City of Austin Performance Report 2014-15

Citizen Satisfaction with Flood Hazard Mitigation Efforts

Measure Description
Citizen satisfaction with flood hazard mitigation efforts is a key performance indicator taken from an analysis of survey responses to a Watershed Protection Department-specific Citizen Satisfaction Survey. A new measure for FY 2013-14, it is more specific to the department than the annual City of Austin Community Survey that reports the total percentage of favorable responses received. Flood control is important because flooding is hazardous to people and property. Austin is in the middle of Central Texas “flash flood alley,” where there is a higher potential for high-magnitude flooding than any other region of the United States.
Child learning from Watershed Protection employee.
Chart depicting the Citizen Satisfaction with Flood Control/Flood Hazard Mitigation Efforts
Calculation Method
This measure is calculated using an analysis of survey responses to a Watershed Protection Department-specific Citizen Satisfaction Survey. The survey recipients were a statistically valid random sample of drainage utility fee customers.
FY 2014-15 Results
The FY 2014-15 target for this measure was 60% and the department exceeded this with 72%.
Assessment of Results
The FY 2014-15 actual for the new measure shows satisfaction for “flood hazard mitigation efforts” that exceed the goal. This is attributed to heightened awareness of the department’s services following two significant flood events that occurred within this timeframe. The department survey also includes background and educational information to help the respondent understand the department’s services. In response to the 2013 Halloween Flood, the Department accelerated buyouts in the Lower Onion Creek project area. Buyouts were identified as the most cost-effective flood mitigation solution for this area. Additional funding was approved by Council in June and September of 2014 for the acquisition of approximately 370 additional properties in the project area. The WPD buyout program in Onion Creek has been underway since 1999, and 570 properties had been acquired by the end of FY 2014-15.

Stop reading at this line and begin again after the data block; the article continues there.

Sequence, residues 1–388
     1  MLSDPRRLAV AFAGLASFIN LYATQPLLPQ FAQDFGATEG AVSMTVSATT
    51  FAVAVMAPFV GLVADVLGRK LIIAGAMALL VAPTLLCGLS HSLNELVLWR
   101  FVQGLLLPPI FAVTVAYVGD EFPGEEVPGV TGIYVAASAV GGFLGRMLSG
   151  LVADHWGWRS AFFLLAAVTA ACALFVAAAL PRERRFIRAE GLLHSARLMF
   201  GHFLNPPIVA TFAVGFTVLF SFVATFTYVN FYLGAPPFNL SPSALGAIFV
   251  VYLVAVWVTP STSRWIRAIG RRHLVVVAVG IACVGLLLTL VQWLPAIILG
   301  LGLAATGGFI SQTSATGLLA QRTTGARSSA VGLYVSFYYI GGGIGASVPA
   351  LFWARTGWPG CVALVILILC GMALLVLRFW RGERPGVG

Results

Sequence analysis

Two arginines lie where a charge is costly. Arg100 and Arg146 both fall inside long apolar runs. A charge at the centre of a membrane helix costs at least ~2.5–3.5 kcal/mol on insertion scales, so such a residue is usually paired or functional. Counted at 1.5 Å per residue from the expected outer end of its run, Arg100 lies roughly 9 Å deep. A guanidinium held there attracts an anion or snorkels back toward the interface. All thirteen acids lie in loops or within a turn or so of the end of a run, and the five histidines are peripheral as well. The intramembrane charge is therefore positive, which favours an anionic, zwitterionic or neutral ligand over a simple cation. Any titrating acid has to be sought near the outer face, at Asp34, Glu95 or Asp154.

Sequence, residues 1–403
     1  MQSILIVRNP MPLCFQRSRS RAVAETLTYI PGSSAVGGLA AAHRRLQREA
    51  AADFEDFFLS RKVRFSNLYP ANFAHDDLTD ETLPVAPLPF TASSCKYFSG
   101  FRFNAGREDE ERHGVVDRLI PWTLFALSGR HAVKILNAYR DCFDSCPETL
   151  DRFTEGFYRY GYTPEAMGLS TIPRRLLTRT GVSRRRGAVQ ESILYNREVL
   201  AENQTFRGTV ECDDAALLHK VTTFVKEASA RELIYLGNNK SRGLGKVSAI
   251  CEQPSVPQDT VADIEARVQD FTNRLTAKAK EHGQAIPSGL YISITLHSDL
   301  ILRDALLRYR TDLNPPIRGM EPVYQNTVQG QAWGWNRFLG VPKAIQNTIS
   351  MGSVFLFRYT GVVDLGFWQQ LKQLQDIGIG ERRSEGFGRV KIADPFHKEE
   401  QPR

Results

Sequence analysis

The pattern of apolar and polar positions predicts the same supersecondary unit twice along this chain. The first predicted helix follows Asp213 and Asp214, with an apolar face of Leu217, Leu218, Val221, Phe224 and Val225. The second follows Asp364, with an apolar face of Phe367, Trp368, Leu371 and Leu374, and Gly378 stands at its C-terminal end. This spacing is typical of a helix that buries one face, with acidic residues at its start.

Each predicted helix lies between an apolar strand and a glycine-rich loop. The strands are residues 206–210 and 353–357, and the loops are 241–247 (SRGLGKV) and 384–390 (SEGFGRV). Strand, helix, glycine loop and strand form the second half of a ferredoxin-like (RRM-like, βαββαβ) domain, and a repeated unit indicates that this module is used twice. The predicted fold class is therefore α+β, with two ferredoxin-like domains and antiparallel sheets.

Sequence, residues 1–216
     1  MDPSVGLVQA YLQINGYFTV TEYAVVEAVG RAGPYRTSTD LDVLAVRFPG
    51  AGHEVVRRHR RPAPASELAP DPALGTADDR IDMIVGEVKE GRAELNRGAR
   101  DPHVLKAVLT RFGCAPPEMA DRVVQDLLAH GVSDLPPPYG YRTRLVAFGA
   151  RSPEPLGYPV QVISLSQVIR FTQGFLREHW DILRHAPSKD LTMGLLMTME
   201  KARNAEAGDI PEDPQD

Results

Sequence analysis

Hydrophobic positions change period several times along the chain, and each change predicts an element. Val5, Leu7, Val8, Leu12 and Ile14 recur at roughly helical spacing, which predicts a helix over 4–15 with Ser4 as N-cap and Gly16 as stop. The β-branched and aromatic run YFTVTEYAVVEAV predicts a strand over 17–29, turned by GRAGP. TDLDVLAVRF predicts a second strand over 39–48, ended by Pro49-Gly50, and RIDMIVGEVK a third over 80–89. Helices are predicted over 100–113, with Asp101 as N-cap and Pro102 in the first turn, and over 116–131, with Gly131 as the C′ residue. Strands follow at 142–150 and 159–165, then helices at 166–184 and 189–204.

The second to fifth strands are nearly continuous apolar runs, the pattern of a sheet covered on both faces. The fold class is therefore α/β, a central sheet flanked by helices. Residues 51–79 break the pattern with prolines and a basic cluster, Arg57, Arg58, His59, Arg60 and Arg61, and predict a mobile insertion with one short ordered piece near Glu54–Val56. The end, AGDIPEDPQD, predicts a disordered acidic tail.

Citizens Interacting with a model created by the Watershed Protection Department.
Next Steps
The Department will continue to implement projects and programs to reduce flood threats, including floodplain analyses, identification of existing and potential flooding problems, benefit/cost analyses of potential solutions, design and construction of flood mitigation projects, and identification of future participants in the Regional Stormwater Management Program.
 WPD provides information regarding the buyout program to citizens through a targeted buyout program website, project brochures, a buyout hotline, and a buyout program office located in the vicinity of the buyout area.
Contact Information
For more information contact Pam Kearfott, PE, Supervising Engineer of the Creek Flood Mitigation Program, (512) 974-3361.